My books are available for purchase online at Amazon (Paperback and Kindle). You can also contact me and I will be happy to send you one autographed. The cost of the books include 7% Ga Sales Tax, Eula is $9.60, Jan is $12.75 and Junior is $17.00. with a cost of $3 for shipping and handling. I also make local deliveries in Chatsworth and Dalton.
Eula was born an Elrod but used several last names during her tumultuous life,
some legally, others questionable. Although few considered Eula “drop dead gorgeous,” she used her female wit and wiles to persuade men to do her bidding.
She was accused of bootlegging (illegally transporting moonshine from Georgia to Tennessee), robbery, conspiracy, bigamy, running a house of prostitution, and murder-- all before she was 25 years old. Eula’s father reportedly told a relative that he thought that Eula was the meanest woman who ever lived in Murray County. She was the first woman in Georgia sentenced to die in the electric chair, at a time before Murray County even had electric service. Governor Hardman personally involved himself in Eula’s murder case. Newspapers across America printed stories about this rebellious woman’s exploits and legal entanglements.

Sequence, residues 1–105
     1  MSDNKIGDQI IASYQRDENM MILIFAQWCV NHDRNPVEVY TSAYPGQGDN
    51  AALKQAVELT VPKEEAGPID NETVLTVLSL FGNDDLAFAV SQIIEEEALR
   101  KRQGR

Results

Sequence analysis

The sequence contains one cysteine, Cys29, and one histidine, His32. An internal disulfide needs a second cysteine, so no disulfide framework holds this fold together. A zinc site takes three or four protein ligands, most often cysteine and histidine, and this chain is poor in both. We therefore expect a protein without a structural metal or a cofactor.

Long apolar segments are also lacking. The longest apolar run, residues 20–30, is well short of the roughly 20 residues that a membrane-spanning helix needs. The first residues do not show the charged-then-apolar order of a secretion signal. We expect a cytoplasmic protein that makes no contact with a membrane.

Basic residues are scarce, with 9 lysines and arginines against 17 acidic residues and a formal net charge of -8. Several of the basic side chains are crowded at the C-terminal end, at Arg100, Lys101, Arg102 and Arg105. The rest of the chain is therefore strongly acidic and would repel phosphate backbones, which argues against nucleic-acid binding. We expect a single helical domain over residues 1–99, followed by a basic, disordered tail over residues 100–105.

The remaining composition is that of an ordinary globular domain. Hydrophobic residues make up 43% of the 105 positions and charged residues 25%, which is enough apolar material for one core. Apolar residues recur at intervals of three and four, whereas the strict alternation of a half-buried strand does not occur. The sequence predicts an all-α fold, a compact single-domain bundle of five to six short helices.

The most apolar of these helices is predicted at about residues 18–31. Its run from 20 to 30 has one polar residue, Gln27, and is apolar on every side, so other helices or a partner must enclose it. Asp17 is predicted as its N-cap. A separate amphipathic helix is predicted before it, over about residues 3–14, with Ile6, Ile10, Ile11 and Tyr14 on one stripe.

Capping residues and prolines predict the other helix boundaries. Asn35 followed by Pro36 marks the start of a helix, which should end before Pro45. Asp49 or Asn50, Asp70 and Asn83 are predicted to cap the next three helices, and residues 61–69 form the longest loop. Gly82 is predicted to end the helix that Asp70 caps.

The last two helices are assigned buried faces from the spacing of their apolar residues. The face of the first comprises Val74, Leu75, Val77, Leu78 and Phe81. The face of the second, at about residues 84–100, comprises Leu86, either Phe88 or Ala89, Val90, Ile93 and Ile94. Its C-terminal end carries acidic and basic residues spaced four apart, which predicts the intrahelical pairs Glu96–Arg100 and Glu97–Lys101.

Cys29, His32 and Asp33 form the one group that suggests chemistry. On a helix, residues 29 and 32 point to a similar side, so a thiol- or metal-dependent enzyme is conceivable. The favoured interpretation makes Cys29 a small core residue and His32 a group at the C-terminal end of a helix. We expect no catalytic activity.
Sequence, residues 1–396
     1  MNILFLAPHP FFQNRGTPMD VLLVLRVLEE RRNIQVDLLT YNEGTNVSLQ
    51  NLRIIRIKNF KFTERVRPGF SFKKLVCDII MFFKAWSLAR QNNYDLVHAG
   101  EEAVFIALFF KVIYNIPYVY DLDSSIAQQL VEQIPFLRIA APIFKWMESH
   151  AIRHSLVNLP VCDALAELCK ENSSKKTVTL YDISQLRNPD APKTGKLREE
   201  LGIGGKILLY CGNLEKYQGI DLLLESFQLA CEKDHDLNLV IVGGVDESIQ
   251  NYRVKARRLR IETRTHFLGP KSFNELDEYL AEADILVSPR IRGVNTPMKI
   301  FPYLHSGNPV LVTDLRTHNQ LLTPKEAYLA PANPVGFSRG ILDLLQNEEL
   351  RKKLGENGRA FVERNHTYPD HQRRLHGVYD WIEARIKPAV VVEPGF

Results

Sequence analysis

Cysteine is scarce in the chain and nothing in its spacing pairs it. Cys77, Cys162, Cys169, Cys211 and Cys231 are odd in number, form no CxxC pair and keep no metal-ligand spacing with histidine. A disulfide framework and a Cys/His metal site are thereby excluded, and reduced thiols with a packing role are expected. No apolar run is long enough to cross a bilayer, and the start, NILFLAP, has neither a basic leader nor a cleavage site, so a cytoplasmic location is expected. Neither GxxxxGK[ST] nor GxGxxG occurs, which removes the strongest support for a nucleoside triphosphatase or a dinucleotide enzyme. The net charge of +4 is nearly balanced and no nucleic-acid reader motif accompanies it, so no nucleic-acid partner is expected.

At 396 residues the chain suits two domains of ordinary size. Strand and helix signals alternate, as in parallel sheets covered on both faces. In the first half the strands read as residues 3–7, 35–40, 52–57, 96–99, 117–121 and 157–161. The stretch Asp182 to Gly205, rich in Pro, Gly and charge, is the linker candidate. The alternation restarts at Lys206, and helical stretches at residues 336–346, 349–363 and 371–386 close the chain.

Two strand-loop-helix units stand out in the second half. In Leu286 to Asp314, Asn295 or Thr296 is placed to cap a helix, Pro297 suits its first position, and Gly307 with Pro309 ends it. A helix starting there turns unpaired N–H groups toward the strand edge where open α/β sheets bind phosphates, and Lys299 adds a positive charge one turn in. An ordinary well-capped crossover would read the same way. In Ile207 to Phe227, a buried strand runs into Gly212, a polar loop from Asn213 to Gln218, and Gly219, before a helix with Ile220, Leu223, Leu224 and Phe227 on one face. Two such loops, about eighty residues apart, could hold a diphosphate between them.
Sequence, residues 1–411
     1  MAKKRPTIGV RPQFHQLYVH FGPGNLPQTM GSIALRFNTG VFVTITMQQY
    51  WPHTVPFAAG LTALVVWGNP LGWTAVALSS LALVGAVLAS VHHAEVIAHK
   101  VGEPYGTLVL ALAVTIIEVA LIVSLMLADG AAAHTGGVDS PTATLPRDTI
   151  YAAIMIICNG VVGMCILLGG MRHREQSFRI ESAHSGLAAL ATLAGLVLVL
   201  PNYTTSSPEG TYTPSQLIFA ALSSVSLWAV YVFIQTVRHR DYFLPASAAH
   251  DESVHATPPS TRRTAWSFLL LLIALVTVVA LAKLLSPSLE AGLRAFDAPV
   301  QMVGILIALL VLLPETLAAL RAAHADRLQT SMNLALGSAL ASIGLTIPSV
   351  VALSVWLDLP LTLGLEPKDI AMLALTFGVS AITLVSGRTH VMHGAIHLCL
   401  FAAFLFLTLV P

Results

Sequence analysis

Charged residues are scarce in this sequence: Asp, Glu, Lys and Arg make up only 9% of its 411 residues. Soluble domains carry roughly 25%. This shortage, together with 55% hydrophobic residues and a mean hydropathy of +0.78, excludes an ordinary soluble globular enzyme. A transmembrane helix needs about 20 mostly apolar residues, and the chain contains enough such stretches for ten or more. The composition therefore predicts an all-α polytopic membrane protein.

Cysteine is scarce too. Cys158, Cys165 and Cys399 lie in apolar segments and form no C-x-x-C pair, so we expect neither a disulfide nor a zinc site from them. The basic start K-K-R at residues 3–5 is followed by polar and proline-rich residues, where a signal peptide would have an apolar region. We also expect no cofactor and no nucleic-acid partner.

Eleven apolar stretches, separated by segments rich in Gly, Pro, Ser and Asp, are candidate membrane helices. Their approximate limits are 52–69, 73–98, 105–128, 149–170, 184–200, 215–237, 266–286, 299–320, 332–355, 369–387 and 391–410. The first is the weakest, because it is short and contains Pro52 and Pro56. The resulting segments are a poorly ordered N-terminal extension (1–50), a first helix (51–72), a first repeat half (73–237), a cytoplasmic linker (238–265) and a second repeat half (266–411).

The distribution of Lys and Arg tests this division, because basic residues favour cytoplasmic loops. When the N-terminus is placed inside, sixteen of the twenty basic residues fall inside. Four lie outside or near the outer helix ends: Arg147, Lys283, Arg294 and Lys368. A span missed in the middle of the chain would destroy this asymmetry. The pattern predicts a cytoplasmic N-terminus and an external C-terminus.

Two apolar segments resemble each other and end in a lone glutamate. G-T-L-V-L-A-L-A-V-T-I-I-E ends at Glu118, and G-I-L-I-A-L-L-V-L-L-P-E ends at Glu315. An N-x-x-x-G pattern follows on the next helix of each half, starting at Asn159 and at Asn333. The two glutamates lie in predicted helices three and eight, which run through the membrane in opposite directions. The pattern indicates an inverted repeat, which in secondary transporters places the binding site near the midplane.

Imagine waking up one morning at the age of 18 and realizing that you have just become the youngest woman in Georgia awaiting the electric chair. Just hours after her birth, Janice Buttrum was sold by her prostitute mother to an alcoholic couple who raised her in squalor. Janice soon found herself a product of the foster care system. At the age of 15, she married her knight in shining armor, 26-year-old Danny Buttrum, and quickly became the victim of domestic abuse. Janice began a descent into the abyss that eventually would lead to her and Danny stabbing a young woman to death in a hotel room, while their own 19-month-old daughter watched the carnage unfold. Janice was convicted of murder in 1981 in the city of Dalton, Georgia-the youngest woman sentenced to death in the state. She has spent 36 years behind bars-including ten years on Georgia's death row, and for five of those years, she was the sole prisoner. Now, after all this time, Janice may soon have the opportunity at life outside of prison.